This week has been packed with many experiences. I held a Monday evening meeting at my home (people in professions similar to mine). We had pizza, soda, and cake. After everyone left, I finished packing for a trip to the Pacific Northwest.
The next morning, I left early to make time for any additional inspections, etc. The airport seemed quiet compared to other times. A lot of people not ready to travel. I had a wonderful flight to Seattle, and my sister, Jan, picked me up. We drove to Tacoma, stopped at Johnny's Dock for lunch, and headed for Olympia. Her car sputtered and stopped. An hour later, a tow truck picked us up and we headed once more for Olympia.
We had several marvelous days together, spending time with her children and grandchildren, and working on her computer, then drove north to Bellingham, our hometown. The car had been fixed, although not without cost. It's still a disadvantage to be a woman alone when dealing with car repairs, and Jan is too busy to learn Auto Mechanics 101.
Cousin Rich Nielsen died in September, and his dad died in June. Since they were to be buried in Bellingham, the family planned a joint memorial service in their home church. My brother, David Crook, is pastor. The family began arriving Friday, from the U.S. and Germany. David and Janet Crook opened their home to all of us, and we proceeded to get acquainted and have a marvelous time. Rich's five children were there, along with his two ex-wives, brother Tim and his wife, Jan from Florida, and other delightful Nielsen and Boynton relatives. In the photo above, you'll see Joanie, Doug, Carol, and Andrew Nielsen. In the photo to the right, you'll see Laura, Kathryn, and Barton Nielsen. We'll have more photos from other family members soon, and I'm putting up a special Nielsen page soon on judyvorfeld.com.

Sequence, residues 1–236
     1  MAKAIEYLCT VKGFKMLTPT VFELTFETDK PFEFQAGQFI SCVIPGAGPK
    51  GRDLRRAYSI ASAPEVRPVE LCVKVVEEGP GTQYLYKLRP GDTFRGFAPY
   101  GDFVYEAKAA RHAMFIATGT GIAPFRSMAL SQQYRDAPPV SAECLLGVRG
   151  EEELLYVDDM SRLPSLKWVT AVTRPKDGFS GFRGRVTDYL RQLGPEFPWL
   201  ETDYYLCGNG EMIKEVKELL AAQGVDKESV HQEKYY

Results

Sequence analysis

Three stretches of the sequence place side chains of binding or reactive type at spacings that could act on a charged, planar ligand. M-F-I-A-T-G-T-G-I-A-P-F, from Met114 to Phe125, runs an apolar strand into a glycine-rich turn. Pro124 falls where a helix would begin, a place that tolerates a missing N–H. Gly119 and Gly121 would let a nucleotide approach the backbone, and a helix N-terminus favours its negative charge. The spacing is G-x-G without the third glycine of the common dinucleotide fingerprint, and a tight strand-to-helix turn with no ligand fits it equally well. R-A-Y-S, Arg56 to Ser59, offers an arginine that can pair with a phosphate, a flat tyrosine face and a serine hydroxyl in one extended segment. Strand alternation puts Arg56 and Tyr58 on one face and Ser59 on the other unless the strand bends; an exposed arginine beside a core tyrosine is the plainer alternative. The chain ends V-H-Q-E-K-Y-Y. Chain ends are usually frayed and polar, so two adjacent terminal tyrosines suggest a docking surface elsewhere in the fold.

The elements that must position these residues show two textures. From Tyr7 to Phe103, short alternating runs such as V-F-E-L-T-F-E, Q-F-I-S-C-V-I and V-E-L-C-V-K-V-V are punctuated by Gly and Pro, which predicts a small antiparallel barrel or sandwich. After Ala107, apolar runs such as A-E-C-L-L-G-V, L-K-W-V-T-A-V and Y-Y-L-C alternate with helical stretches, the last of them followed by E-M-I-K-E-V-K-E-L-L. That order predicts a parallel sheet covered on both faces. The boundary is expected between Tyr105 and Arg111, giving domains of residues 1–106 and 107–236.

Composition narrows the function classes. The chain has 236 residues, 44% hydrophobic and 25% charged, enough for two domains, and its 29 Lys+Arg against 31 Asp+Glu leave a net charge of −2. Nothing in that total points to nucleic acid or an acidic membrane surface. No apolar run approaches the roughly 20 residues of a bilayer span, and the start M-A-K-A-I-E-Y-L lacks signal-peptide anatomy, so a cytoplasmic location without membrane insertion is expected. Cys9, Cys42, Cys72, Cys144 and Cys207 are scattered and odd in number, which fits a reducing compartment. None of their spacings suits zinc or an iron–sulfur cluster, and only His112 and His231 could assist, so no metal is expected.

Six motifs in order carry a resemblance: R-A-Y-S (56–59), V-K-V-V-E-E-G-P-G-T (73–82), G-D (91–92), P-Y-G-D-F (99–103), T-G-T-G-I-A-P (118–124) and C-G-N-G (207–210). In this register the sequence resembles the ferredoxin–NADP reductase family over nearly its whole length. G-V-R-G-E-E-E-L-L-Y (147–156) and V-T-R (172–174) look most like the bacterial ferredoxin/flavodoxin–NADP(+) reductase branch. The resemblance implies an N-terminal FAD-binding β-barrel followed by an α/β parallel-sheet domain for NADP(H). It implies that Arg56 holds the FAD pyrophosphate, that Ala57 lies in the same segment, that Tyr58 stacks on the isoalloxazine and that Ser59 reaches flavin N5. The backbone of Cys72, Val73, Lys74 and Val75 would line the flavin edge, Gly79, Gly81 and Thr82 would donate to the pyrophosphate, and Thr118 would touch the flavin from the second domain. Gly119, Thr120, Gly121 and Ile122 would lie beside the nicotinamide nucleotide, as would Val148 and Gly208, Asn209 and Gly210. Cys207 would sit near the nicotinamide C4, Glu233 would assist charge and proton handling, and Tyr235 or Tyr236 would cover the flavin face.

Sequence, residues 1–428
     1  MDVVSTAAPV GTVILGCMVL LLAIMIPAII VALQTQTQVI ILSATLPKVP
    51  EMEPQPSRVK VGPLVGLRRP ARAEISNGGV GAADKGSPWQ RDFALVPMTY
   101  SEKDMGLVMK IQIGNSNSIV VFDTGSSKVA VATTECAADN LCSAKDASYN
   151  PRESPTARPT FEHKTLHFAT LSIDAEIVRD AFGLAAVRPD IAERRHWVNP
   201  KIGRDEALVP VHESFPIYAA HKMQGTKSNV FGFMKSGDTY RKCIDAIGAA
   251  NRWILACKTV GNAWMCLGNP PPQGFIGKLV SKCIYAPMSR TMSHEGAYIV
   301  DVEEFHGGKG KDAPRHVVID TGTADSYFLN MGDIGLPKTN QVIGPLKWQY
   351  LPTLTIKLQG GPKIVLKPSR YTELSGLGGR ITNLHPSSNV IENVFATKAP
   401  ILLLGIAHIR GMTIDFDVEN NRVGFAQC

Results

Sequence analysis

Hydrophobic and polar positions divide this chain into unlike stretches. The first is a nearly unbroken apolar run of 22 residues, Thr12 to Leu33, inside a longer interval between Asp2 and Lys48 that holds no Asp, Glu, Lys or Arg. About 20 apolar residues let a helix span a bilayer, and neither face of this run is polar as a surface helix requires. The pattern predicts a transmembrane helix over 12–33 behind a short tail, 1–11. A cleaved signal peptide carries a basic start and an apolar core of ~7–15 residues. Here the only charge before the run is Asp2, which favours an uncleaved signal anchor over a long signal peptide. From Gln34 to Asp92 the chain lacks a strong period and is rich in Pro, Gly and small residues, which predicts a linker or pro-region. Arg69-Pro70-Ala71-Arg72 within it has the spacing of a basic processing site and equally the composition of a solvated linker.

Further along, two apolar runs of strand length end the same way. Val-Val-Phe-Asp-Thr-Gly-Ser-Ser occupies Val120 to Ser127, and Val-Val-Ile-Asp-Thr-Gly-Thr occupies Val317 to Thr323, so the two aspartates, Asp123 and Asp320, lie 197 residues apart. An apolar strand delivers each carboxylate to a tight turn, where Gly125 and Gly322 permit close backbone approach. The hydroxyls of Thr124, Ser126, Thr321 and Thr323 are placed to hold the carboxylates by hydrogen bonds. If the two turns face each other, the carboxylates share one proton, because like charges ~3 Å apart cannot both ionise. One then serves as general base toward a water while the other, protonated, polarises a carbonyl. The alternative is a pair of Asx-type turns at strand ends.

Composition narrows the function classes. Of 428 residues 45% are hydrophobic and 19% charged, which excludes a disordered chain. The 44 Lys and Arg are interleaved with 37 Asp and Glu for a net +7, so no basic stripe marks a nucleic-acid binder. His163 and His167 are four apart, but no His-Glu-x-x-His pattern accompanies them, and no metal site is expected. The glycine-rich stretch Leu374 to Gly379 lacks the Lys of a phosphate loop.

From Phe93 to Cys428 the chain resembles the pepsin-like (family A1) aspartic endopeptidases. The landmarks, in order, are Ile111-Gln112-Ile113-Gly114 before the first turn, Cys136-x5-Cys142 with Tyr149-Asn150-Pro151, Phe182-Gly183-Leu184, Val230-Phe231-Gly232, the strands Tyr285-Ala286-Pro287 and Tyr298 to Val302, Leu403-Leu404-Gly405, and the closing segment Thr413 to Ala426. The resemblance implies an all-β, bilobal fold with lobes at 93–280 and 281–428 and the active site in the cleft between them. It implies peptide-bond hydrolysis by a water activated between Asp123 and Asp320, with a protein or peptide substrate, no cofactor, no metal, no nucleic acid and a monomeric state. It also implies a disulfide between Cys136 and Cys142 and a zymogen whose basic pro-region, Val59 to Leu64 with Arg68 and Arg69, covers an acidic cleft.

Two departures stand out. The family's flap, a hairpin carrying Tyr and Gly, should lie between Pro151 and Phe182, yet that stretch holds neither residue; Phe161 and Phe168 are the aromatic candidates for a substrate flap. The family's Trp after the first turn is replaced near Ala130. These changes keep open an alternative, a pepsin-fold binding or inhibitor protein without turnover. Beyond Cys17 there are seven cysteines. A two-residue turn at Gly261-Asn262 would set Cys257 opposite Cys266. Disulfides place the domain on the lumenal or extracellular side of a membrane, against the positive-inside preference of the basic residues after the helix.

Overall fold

What a joy to visit with so many of my relatives, and get to know them at a deeper level. The Nielsen family is spectacular in warmth, intelligence, and talent. Each of Rich's children is different and totally delightful.
Saturday, after the service, we separated for a while, then went to the Crooks' home again for more time to visit, laugh, cry, and massage aching necks and backs. We always do that when we get together. Our Grandma Sue Boynton taught all her grandchildren to massage, and we've all passed it on.
Spending time with Tim Nielsen was such a treat. He's had lots of stress with his brother having had a brain tumor, then treatments, then being in an assisted living center. And their dad died in June. (We'll focus on Uncle Lou on my personal site.) Tim made arrangements for Rich to have medical help near where he lives in Florida, and Uncle Lou lived nearby. Anyway, we had some memorable times with Tim and Jan and the rest of the family
I got to spend time with my mother, aunt (Lois Cruea), and aunt and uncle (Solon and Elva Boynton), and ever so many incredible cousins. Each time I leave Bellingham I feel enriched, and blessed. This time was no exception. And so, back to Arizona.
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Polite Present: Manual of Good Manners, 1831
Excerpts from a charming, serious 2 1/2" x 4" book published in 1831 by Munroe & Francis.
Turn not your back to any, but place yourself so that none be behind you.
Read not letters, books, or other writings in company, unless there be necessity, and you ask leave.
Touch not, nor look upon the books or writing of any one, unless the owner invite or desire you.